Trial Scout

Clinical Research 101

Why choose a clinical trial?

Each year, thousands1 of people choose to participate in clinical research. Here’s what they say motivates them:
  1. Gaining access to treatment that might work better than currently available therapies
  2. Receiving additional study-related medical care for their condition
  3. Advancing medical research and improving patient care

5 Steps to find a clinical trial:

 

1.     Gather information about your condition

This may include:

 

Once you understand the basics of your condition, you will be better equipped to make the best decisions for yourself.

 

2.     Talk to your doctor (health care provider) about clinical research as a care option

While your doctor (HCP) may or may not know which clinical trials are right for you, he or she will be able to talk to you about the role clinical trials can play as a care option.

 

3.     Use TrialScout to find research centers conducting clinical trials near you

TrialScout is designed to make it as easy as possible for you to find a clinical trial.

  1. Go to the “Find a Clinical Trial” page
  2. Type in your city, state or zip code
  3. Type in your medical condition
  4. Press the “Search” button
  5. Research centers near you that are conducting clinical trials for your condition will be displayed

 

4.     Contact your research center

After choosing a research center, call, email or visit the research center by using the information provided on TrialScout. If you don’t get a response, feel free to contact us instead. We’ll do our best to get in touch with the research center for you.

 

5.     Schedule an appointment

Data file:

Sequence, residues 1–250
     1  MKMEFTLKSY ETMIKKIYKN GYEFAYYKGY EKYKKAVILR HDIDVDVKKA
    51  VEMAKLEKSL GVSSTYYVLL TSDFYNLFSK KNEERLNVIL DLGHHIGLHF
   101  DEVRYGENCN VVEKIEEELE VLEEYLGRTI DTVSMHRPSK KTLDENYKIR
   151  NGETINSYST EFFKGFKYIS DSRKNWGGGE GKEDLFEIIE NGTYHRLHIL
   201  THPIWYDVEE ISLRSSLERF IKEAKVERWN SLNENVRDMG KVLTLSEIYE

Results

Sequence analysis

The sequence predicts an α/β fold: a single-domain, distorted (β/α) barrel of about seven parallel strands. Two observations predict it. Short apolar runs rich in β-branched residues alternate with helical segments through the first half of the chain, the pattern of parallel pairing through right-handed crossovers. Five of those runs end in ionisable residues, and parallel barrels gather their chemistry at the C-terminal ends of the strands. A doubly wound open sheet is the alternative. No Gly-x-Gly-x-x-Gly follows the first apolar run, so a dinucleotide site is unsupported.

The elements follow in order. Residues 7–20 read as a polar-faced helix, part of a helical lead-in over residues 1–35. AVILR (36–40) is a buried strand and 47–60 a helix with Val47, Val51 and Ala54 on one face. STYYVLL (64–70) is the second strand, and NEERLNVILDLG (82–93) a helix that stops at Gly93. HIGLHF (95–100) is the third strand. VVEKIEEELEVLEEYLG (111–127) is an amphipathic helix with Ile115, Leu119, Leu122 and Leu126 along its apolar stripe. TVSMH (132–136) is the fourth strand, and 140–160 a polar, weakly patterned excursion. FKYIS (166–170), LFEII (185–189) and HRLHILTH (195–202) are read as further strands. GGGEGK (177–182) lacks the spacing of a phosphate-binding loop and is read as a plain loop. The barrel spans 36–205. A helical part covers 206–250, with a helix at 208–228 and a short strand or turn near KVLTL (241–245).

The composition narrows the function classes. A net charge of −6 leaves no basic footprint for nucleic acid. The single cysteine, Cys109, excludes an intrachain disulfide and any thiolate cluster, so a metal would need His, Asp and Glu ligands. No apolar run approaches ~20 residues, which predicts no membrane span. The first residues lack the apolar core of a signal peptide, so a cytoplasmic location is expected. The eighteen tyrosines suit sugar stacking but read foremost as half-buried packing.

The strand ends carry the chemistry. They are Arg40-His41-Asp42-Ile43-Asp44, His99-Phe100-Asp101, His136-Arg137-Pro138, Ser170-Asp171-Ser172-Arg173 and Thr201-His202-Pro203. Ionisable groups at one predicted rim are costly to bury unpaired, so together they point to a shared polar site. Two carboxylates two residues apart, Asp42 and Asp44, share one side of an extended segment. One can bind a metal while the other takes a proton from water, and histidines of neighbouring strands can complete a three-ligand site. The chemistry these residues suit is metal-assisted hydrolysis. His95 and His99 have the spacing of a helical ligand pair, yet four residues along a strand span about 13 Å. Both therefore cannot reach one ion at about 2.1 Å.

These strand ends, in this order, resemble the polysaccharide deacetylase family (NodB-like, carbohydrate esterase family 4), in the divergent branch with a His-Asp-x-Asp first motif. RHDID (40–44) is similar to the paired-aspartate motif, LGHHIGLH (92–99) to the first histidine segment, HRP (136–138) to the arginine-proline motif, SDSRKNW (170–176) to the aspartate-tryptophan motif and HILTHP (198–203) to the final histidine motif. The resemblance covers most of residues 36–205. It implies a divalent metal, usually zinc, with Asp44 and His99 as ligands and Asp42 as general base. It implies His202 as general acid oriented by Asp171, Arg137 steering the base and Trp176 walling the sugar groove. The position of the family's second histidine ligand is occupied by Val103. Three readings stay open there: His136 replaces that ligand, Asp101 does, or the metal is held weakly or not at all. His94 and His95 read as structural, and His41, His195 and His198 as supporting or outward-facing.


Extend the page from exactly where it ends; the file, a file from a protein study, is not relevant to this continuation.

The last step in finding a clinical trial that is right for you is scheduling an appointment. During this appointment, the research staff will talk to you about the study and determine whether you are eligible to join.

 

10 questions to ask about the trial:

 

  1. What’s the purpose of the trial?
  2. How long will the trial last?
  3. How frequently will I come in for visits?
  4. What are the possible risks and benefits of the trial?
  5. What kinds of tests and treatments are involved?
  6. Will I have to pay for any treatments or tests?
  7. Will the results of the trial be shared with me?
  8. Are there any patients currently in the trial I can talk to?
  9. What happens if I decide to leave the trial?
  10. How does the trial treatment compare to standard treatment options?

 

Stages of a Clinical Trial

1.     Informed Consent

After you have learned about the purpose of the trial - including the potential risks and benefits - you can choose to join the study. You will sit down with a researcher and discuss the study in detail and then sign a form stating that you understand all the information and agree to participate. You are always able to withdraw your consent and leave the study at any time.

 

2.     Assignment to a Treatment Group

For some trials, participants are split into groups. Some groups will receive different doses of the drug being tested, and some group may even receive a dummy pill, or placebo. ALL groups are regularly monitored by medical professionals throughout the study. (click here to learn more about placebos). All of these groups are important to research because they help researchers determine how well the new treatment works compared to other care options.

 

3.     Treatment & Evaluation

During the clinical trial, researchers will do tests and watch for side effects of the new treatment. They will ask you answer questions and sometimes ask you to keep a daily diary to record progress. Researchers also will ask about the lifestyle impact the treatment, such as your ability to engage in day-to-day activities, how your work life is affected, and your overall quality of life.

 

4.     Results

When the trial ends, the results sometimes are made available to participants who would like them. Researchers often publish the study results to help the work of other scientists.  Not all clinical trials require results to be posted, so be sure to ask when starting a trial if you would like further information to be made available to you.

 

 

[1]: Global Participation in Clinical Trials Project. U.S. Food and Drug Administration, 2016, www.fda.gov/downloads/Drugs/InformationOnDrugs/UCM570195.pdf+.